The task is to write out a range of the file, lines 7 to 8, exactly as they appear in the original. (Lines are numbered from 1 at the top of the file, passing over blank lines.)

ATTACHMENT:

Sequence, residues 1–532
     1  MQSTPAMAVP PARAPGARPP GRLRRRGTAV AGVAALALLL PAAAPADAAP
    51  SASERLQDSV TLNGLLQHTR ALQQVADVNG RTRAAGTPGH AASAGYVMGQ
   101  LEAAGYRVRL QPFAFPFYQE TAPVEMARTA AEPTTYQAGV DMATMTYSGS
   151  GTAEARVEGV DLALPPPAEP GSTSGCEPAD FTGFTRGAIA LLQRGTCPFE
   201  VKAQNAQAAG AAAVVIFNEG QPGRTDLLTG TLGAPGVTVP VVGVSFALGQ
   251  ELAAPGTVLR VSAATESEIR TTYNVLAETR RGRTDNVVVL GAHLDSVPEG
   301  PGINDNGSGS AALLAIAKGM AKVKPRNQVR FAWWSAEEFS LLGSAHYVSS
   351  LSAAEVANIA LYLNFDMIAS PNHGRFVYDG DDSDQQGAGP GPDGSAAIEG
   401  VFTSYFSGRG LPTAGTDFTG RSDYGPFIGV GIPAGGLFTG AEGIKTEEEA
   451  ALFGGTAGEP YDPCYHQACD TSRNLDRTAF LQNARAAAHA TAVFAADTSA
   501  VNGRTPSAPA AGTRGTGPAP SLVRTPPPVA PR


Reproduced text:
   251  ELAAPGTVLR VSAATESEIR TTYNVLAETR RGRTDNVVVL GAHLDSVPEG
   301  PGINDNGSGS AALLAIAKGM AKVKPRNQVR FAWWSAEEFS LLGSAHYVSS